(8) The other two decisions, Khageswar Naik v. Domuni Bewa, and Neelaveni v. Venkateswara Rao, 1988 APLJ (Cri) 418 arose in a different set of facts, viz., in the former there ample evidence to establish that it was a customary marriage whereas in the latter S. 50 of the Evidence Act was invoked in the facts and circumstances of that case, and therefore those two cases are of no use to hold that the marriage between the accused and the deceased was a valid one.
(9) At this stage the learned Public Prosecutor contended that irrespective of the question regarding the validity of the marriage S. 50 of the Evidence Act enables the Court to form an opinion regarding the relationship between the deceased and the accused for purposes of attracting S. 304B, I.P.C. or for S. 498A, I.P.C. S. 50 of the Evidence Act runs thus :
“50. Opinion on relationship, when relevant : When the Court has to form an opinion as to the relationship of one person to another, the opinion, expressed by conduct, as to the existence of such relationship, of any person who, as member of the family or otherwise, has special means of knowledge on the subject is a relevant fact :
Provided that such opinion shall not be sufficient to prove a marriage in proceedings under the Indian Divorce Act, 1869 (4 of 1869) or in prosecution under S. 494, 495, 497 or 498 of the Indian Penal Code (45 of 1860)”.
In this case, the accused himself has admitted that the deceased was his wife. P.Ws. 1, 3 and 4 have categorically deposed that the marriage between the accused and deceased took place by exchanging garlands and reading out PRAMANA PATRIK, that they lived together, one pregnancy was got terminated and later the deceased also delivered a child who happened to die. In view of the admission of the accused and the evidence of P.W. 1, 3 and 4, for purposes of prosecution under S. 304B or 498A, I.P.C. it can safely be held that the prosecution has established the relationship between the accused and the deceased as husband and wife in terms of S. 50 of the Evidence Act. Mr. Padmanabha Reddy, the learned counsel submitted that Sections 304B and 498A, I.P.C. are new incorporations and by oversight the Parliament has not correspondingly amended the proviso to S. 50. of the Evidence Act by excluding prosecutions under Sections 304B and 498A in terms of S. 50. This argument cannot be countenanced for the simple reason that there is a presumption against the legislature that it enacts laws with a complete knowledge of all existing laws pertaining to the same subject, and the failure to bring in the corresponding amendment to S. 50 of the Evidence Act indicates that the intent was not to repeal existing legislation. For this proposition of law, it is relevant to notice the decision of the Supreme Court in Municipal Council v. T. J. Joseph, . There dealing with the question of implied repeal, the Supreme Court held :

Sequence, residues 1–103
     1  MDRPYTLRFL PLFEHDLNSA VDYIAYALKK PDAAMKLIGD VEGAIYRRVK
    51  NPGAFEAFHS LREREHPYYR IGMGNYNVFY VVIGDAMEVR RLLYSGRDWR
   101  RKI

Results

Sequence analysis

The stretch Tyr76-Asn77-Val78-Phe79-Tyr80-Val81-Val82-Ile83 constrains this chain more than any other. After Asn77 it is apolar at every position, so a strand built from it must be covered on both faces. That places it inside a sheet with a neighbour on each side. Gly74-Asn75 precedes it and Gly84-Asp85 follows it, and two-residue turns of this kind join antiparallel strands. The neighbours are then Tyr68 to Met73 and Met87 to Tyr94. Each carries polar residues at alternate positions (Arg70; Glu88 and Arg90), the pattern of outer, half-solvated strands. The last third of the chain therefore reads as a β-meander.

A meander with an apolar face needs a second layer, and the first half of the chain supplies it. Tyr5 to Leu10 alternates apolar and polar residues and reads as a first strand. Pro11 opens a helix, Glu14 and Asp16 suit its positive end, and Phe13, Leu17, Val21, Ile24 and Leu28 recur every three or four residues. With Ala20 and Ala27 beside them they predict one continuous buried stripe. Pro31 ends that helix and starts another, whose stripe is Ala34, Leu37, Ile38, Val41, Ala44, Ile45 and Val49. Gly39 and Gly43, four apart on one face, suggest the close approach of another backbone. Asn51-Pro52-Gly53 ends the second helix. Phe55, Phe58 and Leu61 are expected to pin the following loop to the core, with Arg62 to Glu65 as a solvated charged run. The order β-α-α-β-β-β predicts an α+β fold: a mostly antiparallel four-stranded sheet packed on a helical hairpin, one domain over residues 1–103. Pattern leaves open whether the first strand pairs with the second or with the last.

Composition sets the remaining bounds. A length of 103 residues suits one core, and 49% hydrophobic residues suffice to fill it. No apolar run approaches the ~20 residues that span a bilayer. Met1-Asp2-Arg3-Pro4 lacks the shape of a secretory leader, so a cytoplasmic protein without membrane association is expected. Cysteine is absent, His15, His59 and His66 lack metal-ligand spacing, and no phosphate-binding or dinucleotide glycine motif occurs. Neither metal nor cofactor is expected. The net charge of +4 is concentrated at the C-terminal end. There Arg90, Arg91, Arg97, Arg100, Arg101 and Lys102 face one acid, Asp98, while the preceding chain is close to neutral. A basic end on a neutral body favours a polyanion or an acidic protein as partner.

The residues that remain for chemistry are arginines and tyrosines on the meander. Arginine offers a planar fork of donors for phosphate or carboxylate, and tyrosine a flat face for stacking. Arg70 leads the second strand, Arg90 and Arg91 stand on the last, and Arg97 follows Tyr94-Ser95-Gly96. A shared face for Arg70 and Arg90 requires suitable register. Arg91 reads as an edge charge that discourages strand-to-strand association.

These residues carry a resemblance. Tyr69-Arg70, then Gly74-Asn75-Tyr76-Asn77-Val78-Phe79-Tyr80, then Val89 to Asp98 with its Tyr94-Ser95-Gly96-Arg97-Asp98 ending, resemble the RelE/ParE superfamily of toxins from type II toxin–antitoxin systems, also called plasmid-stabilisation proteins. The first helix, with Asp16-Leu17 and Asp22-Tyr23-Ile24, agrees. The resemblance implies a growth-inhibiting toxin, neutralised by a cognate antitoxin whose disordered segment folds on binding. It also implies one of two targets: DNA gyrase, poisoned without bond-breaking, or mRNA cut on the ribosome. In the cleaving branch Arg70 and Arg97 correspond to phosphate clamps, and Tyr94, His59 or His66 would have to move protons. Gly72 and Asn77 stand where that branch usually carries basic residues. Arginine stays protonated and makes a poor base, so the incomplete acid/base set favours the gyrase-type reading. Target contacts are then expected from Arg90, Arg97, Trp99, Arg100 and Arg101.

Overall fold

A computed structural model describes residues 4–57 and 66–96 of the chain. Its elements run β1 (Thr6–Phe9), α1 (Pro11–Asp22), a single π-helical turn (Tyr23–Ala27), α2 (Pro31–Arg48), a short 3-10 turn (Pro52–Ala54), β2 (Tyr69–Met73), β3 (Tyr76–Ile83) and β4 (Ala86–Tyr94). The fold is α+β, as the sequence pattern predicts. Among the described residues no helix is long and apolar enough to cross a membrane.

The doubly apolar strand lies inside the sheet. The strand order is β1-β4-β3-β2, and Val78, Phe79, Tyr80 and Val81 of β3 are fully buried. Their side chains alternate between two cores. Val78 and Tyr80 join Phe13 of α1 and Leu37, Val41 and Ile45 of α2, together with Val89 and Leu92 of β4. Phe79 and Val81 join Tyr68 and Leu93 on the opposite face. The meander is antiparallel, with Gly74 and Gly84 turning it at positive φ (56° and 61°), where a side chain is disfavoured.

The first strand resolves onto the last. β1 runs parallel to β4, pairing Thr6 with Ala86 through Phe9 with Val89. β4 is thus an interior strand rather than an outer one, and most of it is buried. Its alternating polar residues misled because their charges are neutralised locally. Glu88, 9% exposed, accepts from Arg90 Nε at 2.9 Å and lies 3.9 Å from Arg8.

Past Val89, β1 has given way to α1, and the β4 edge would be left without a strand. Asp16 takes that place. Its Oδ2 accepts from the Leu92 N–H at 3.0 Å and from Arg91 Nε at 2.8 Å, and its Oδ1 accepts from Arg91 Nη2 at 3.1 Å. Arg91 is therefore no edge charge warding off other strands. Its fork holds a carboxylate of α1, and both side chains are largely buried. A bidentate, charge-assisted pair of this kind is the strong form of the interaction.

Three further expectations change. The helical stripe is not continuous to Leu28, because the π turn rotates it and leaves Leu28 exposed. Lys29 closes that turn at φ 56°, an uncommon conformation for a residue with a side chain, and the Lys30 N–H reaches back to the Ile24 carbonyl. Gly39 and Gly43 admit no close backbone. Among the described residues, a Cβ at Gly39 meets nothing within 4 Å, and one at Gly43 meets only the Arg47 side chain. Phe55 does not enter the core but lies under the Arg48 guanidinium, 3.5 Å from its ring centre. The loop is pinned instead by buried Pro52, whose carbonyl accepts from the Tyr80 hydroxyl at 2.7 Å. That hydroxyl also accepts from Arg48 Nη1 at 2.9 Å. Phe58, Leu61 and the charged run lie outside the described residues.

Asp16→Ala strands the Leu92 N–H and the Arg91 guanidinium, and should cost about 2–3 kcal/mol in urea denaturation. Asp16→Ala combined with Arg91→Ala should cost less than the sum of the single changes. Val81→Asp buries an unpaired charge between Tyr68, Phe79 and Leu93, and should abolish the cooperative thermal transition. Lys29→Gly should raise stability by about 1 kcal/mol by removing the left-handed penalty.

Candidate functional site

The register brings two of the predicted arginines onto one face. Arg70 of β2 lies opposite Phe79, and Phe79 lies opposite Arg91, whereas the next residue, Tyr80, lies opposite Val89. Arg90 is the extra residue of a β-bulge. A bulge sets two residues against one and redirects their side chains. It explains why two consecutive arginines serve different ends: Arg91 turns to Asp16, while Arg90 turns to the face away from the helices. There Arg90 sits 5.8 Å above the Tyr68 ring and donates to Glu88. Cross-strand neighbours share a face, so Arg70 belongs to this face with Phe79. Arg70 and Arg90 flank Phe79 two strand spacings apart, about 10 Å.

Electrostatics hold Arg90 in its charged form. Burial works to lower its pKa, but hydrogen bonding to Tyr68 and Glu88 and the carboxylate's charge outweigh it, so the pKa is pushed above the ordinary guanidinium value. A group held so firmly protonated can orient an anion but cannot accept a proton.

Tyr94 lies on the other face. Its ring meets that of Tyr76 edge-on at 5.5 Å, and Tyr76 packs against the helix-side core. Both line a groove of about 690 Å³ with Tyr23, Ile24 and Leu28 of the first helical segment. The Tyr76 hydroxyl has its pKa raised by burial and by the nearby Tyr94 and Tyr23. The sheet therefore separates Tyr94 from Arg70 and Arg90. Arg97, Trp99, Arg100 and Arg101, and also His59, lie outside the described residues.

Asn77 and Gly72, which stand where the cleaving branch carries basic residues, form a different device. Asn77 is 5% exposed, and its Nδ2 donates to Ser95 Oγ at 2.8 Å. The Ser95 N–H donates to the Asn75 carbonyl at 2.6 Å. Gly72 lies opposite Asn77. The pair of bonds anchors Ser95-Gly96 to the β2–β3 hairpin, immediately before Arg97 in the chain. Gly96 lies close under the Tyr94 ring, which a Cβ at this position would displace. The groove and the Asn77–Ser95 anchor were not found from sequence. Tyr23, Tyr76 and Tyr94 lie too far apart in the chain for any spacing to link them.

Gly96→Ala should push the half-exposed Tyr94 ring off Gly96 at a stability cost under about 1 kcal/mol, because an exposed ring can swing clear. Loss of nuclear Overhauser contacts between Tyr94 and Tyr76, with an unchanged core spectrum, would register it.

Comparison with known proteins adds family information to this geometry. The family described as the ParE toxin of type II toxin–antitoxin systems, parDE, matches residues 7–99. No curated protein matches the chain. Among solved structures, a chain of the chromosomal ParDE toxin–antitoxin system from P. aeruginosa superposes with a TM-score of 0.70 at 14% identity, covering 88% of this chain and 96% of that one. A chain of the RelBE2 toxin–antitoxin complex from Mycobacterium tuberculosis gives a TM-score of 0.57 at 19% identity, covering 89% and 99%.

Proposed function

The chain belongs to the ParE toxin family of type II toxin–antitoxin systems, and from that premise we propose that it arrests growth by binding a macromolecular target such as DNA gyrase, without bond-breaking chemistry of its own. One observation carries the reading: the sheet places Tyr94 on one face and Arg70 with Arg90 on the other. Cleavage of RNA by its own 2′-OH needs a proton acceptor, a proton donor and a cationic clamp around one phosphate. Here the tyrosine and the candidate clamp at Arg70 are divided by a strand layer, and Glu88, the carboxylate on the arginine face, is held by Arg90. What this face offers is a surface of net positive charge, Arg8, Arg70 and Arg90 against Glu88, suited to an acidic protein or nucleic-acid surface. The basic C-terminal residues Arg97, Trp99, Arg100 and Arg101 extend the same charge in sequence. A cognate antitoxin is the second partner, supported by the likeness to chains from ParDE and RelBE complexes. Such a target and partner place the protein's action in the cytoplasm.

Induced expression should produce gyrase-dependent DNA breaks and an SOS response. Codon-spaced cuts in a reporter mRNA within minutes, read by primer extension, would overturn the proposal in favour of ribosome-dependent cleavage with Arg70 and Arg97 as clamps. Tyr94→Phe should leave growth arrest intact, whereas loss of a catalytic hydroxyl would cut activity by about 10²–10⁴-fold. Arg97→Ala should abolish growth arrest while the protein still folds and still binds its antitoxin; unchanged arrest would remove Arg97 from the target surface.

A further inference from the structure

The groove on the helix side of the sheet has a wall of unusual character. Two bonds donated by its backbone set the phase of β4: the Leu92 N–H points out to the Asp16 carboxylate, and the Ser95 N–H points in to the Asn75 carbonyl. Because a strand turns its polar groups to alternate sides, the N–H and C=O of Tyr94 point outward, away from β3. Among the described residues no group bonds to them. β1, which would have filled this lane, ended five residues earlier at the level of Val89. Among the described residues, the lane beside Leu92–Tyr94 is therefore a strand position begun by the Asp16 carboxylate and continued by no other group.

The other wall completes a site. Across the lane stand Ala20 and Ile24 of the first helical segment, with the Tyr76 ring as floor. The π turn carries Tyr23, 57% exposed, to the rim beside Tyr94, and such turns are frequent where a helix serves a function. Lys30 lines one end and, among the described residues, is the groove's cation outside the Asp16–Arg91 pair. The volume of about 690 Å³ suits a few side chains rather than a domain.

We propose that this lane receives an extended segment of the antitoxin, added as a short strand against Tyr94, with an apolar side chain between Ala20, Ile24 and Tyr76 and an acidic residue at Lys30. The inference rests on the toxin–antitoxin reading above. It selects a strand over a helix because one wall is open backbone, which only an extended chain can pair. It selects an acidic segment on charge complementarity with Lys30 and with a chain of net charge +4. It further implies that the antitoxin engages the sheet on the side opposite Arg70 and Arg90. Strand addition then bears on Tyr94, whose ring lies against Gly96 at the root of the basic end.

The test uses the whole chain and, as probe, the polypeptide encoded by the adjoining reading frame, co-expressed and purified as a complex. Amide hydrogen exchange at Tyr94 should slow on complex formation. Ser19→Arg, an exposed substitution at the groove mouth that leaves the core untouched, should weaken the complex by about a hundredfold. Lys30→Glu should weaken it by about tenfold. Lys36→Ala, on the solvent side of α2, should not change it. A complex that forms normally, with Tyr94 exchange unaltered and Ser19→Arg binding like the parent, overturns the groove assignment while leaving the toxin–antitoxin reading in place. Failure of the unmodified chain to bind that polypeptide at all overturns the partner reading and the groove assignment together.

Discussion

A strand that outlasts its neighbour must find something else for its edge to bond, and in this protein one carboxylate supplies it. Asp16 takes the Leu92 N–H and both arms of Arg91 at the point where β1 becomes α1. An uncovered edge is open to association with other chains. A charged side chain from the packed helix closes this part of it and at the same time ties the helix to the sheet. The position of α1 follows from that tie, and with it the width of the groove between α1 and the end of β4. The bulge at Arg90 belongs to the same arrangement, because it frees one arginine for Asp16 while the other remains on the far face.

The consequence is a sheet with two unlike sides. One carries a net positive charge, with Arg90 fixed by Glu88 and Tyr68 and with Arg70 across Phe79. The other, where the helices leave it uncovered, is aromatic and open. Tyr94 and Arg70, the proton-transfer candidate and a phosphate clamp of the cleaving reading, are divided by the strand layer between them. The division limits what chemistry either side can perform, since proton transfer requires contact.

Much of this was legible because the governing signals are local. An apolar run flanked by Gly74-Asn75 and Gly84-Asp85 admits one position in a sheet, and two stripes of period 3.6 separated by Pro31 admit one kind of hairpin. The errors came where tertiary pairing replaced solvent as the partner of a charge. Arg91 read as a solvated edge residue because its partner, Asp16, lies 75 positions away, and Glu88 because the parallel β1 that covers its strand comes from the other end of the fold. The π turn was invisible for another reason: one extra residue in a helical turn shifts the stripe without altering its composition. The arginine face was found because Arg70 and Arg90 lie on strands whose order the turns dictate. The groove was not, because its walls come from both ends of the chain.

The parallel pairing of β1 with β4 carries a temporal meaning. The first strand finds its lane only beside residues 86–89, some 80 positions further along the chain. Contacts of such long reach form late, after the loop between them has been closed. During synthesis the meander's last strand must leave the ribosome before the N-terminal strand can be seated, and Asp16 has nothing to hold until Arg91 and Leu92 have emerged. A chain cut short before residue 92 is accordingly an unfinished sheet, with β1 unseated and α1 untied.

“It is undoubtedly true that the legislature can exercise the power of repeal by implication. But it is an equally well-settled principle of law that there is a presumption against an implied repeal. Upon the assumption that the legislature enacts laws with a complete knowledge of all existing laws pertaining to the same subject the failure to add a repealing clause indicates that the intent was not to repeal existing legislation …….”